Angel tax is levied on the capital raised via the issue of shares by unlisted companies from an Indian investor if the share price of issued shares is in excess of the fair market value of the company. The excess realization is considered as income and therefore, taxed accordingly.
Angel tax essentially derives its genesis from section 56(2) (viib) of the Income Tax Act, 1961. The finance act, 2012 introduced section 56(2) (viib) in the IT act which taxes any investment, received by any unlisted Indian company, valued above the fair market value by treating it as income. The investment in excess of fair value is characterized as ‘Income from other sources and the tax imposed on it is known as Angel Tax since it largely affects angel investors investing in startups.
Applicability of Angel Tax
Angel tax is imposed only on investments made by a resident investor. It should be noted that angel tax is not applicable in case the investments are made by any non-resident or venture capital funds.
Exemption from Angel Tax
A Startup shall be eligible for exemption subject to the following conditions
(1) It has been recognized by DPIIT as an eligible Startup
(2) Aggregate amount of paid-up share capital and share premium of the startup after issue or proposed issue of a share, if any, does not exceed, 25 Crore rupees:
In computing the aggregate amount of paid-up share capital, the amount of paid-up share capital and share premium of twenty-five crore rupees in respect of shares issued to any of the following persons shall not be included
(a) a non-resident
(b) a venture capital company or a venture capital fund
(c) * a specified company “ means a company whose shares are frequently traded within the meaning of Securities and Exchange Board of India (Substantial Acquisition of Shares and Takeovers) Regulations, 2011 and whose net worth on the last date of the financial year preceding the year in which shares are issued exceeds one hundred crore rupees or turnover for the financial year preceding the year in which shares are issued exceeds two hundred fifty crore rupees.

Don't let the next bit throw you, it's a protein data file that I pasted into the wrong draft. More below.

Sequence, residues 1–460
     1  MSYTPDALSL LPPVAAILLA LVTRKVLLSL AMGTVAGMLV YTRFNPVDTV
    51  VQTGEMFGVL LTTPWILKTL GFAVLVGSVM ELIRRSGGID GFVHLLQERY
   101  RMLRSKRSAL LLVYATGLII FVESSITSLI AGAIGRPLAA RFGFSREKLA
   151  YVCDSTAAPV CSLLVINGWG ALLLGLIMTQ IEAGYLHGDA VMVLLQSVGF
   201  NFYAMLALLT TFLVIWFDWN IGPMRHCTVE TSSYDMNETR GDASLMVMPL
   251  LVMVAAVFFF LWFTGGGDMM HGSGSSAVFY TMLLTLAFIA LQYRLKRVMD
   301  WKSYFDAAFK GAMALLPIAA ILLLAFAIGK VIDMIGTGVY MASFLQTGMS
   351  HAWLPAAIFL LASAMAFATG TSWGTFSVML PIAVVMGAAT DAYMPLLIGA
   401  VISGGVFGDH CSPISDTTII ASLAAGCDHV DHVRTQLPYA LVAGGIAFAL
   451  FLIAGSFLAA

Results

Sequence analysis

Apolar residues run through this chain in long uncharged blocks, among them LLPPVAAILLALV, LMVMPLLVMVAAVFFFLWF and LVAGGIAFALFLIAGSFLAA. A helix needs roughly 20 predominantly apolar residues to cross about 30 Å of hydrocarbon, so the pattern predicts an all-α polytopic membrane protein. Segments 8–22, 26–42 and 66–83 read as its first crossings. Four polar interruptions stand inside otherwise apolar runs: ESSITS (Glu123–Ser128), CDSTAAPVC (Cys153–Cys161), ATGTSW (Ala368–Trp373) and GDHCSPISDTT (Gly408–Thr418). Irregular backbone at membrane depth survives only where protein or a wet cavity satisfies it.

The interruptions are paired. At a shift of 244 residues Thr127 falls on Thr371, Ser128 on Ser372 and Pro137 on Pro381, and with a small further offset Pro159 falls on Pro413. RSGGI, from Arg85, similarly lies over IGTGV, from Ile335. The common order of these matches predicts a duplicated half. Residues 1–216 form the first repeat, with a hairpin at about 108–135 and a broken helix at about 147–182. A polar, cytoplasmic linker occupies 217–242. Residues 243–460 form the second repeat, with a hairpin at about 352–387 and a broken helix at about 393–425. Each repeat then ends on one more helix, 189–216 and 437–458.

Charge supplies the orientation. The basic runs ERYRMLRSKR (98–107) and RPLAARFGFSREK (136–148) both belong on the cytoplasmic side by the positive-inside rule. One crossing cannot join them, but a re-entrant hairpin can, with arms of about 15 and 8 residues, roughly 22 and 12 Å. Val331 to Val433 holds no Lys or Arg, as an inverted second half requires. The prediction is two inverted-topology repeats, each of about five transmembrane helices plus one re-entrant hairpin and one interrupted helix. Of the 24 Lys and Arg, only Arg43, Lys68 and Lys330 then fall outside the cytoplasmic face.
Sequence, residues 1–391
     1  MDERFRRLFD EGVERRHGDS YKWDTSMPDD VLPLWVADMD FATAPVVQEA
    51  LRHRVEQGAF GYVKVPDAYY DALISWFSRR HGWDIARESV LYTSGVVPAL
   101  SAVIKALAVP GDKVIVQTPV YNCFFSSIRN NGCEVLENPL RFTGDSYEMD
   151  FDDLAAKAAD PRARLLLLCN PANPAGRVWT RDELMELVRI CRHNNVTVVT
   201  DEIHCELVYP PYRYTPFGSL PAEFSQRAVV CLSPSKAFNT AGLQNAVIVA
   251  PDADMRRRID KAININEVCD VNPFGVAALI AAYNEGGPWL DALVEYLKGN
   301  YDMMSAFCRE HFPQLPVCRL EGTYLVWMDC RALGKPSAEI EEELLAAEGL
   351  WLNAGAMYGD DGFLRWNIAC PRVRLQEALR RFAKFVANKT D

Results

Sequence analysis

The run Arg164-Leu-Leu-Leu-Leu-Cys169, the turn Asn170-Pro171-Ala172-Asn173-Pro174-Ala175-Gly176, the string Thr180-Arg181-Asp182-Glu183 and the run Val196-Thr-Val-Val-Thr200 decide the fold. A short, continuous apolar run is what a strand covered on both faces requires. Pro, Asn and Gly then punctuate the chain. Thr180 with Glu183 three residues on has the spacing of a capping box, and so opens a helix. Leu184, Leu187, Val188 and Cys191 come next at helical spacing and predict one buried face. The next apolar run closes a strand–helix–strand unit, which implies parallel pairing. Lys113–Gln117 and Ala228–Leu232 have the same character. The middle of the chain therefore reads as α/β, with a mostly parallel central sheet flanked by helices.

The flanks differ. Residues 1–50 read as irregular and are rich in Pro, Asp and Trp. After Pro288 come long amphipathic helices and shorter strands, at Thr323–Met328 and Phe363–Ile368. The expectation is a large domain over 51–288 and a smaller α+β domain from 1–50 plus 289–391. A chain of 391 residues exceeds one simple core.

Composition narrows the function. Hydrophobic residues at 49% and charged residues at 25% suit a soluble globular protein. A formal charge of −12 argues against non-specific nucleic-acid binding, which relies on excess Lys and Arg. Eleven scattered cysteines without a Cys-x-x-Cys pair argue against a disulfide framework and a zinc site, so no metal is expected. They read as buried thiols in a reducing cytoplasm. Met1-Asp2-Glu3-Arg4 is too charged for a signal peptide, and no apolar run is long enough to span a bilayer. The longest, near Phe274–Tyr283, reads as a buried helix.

Also Check: Startup India Scheme
(3) Startup shall not invest in any of the assets given below for the period of seven years from the end of the latest financial year in which shares are issued at a premium
(a) a building or land appurtenant thereto, being a residential house, other than that used by the Startup for the purposes of renting or held by it as stock-in-trade, in the ordinary course of business
(b) land or building, or both, not being a residential house, other than that occupied by the Startup for its business or used by it for purposes of renting or held by it as stock-in-trade, in the ordinary course of business;
(c) loans and advances, other than loans or advances extended in the ordinary course of business by the Startup where the lending of money is a substantial part of its business
(d) the capital contribution made to any other entity;
(e) shares and securities;
(f) a motor vehicle, aircraft, yacht, or any other mode of transport, the actual cost of which exceeds ten lakh rupees, other than that held by the Startup for the purpose of plying, hiring, leasing, or as stock-in-trade, in the ordinary course of business
(g) jewelry other than that held by the Startup as stock-in-trade in the ordinary course of business;
(h) any other asset, whether in the nature of the capital asset or otherwise, or of the nature specified in section 56 of the Income Tax Act.
A startup fulfilling above mentioned conditions shall file a duly signed declaration in Form 2 to DIPP that it fulfills the conditions. On receipt of such declaration, the DPIIT shall forward the same to the CBDT.
Revocation of Exemption
In case it is found that any certificate has been obtained on the basis of false information, the DIPP Board reserves the right to revoke such certificate or approval.